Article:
1st, Michèle Sons has defended her thesis: "Roles of neuromuscular
proteins at the neuromuscular junction". The majority of experimental work
has been performed at the laboratory of co-promotor Dr. Jaap Plomp (Dept. of
Molecular Cell Biology, Leiden University). Prof. dr. Jan Verschuuren (Neurology,
LUMC) was promotor.
The study was aimed to elucidate the roles of several neuro-exocytotic proteins in neuromuscular synaptic transmission at the neuromuscular junction (NMJ). We made use of genetically engineered mice, lacking expression of either one or multiple neuro-exocytotic proteins. The role of proteins Munc18-1, Munc13, a-Neurexin, Rab3A and Rim1a in synaptic transmission was investigated using these knock-out mouse models. In addition, the roles of several of these proteins has been investigated under conditions mimicking Myasthenia Gravis. We made use of an established model for Myasthenia Gravis involving repeated injections of mice with the acetylcholine receptor (ACh) blocker a-Bungarotoxin. In myasthenic endplates, the reduction of postsynaptic sensitivity results in a compensatory increase in ACh release. This is regarded as an attempt of the synapse to reach sufficient depolarization of the postsynaptic membrane to elicit muscle action potentials, even with a reduced functional receptor number.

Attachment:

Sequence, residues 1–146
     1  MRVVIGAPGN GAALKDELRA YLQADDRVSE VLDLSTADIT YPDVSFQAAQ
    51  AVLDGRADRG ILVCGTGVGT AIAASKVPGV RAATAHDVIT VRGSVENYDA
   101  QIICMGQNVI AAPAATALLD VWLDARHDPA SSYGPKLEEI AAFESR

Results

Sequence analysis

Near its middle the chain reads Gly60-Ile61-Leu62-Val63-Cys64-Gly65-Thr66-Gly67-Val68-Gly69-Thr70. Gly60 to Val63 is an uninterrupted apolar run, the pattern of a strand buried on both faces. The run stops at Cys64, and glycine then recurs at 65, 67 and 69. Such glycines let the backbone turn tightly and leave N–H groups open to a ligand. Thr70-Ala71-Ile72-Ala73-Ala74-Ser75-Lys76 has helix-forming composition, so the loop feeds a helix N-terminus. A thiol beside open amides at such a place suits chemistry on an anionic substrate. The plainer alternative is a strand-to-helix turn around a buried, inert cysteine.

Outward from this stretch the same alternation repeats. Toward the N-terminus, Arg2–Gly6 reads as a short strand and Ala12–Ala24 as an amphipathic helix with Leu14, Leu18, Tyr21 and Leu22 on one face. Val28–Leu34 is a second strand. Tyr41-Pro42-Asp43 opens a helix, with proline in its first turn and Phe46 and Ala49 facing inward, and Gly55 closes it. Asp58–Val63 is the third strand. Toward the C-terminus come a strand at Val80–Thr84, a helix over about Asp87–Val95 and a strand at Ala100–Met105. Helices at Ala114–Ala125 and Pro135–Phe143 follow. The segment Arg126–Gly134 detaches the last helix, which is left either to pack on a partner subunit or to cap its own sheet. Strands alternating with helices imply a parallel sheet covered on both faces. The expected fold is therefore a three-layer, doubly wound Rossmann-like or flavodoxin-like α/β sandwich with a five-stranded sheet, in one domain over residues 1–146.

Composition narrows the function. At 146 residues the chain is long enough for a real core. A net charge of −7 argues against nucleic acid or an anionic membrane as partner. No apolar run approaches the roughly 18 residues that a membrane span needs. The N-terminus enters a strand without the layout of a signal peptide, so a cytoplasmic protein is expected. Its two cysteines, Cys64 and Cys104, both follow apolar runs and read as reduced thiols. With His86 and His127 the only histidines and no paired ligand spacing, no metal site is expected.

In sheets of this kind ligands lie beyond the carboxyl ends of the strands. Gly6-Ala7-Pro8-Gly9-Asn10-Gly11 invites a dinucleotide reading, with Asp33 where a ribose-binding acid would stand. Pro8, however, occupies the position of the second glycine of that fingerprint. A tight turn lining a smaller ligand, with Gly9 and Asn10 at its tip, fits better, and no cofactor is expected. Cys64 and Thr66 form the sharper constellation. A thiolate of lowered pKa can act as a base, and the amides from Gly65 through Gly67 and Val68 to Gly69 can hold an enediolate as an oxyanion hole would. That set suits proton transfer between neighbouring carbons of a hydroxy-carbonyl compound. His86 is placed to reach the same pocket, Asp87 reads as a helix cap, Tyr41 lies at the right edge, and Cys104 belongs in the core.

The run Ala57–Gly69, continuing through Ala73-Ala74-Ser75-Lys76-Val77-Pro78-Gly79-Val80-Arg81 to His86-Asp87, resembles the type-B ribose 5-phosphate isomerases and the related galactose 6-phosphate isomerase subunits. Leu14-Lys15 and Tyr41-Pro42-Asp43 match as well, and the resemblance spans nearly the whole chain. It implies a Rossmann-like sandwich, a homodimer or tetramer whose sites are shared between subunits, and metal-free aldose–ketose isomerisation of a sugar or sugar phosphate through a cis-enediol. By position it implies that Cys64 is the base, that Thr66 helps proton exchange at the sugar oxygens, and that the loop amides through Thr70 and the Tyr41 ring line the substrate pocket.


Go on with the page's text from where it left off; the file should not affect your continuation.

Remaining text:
From the proteins investigated, all but RIM1a deletion showed a clear neuromuscular phenotype in the genetically modified mice. Often, this phenotype was less severe in the NMJ when compared to central synapses. For example, as described in Chapter 2 of the thesis, deletion of Munc13 completely inhibits neurotransmitter release in central synapses, while at the NMJ ACh release is still present albeit at a very low level. Munc18-1 and a-Neurexin were shown to be important for the up regulation of release in myasthenic endplates. Munc18-1 most likely is involved in regulating the number of release sites from where ACh is secreted. However, over expression of Munc18-1 protein did not improve compensatory mechanism for the reduced ACh sensitivity, making Munc-18-1 an unlikely drug target. a-Neurexin may play a role upstream from the release process participating in the signal transduction pathway. Alternatively the protein could be involved in calcium channel modulation as previously reported for central synapses.
This thesis contributes to our understanding of synaptic release mechanisms underscoring the redundancy but also pointing out specific roles of key proteins. The knowledge of the players of this release machinery is a prerequisite for identifying drug targets useful in treatment of muscular diseases with compromised neuromuscular transmission.
The online version of the thesis can be found here.
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